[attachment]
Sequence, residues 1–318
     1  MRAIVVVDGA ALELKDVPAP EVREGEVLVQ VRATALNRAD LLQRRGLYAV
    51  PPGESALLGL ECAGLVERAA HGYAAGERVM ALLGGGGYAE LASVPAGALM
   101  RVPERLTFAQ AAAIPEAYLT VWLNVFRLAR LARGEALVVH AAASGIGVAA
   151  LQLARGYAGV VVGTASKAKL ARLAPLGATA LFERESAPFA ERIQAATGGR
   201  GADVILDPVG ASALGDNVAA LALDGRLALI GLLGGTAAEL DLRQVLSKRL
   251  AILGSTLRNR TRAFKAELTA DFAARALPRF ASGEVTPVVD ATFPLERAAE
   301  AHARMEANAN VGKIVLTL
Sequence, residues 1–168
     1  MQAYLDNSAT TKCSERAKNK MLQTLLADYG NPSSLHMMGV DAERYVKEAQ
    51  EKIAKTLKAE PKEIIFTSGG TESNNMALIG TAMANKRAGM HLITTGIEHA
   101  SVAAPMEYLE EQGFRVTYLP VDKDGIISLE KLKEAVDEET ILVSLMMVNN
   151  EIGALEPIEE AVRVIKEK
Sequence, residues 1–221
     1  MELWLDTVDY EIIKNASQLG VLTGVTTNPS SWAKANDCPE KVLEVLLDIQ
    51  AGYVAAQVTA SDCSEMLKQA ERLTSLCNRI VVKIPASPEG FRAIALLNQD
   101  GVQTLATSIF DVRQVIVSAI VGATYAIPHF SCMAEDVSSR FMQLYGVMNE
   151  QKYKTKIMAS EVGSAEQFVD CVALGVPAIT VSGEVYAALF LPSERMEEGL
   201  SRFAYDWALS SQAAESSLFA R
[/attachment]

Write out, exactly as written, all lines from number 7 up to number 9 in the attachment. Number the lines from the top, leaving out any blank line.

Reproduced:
   251  AILGSTLRNR TRAFKAELTA DFAARALPRF ASGEVTPVVD ATFPLERAAE
   301  AHARMEANAN VGKIVLTL
Sequence, residues 1–168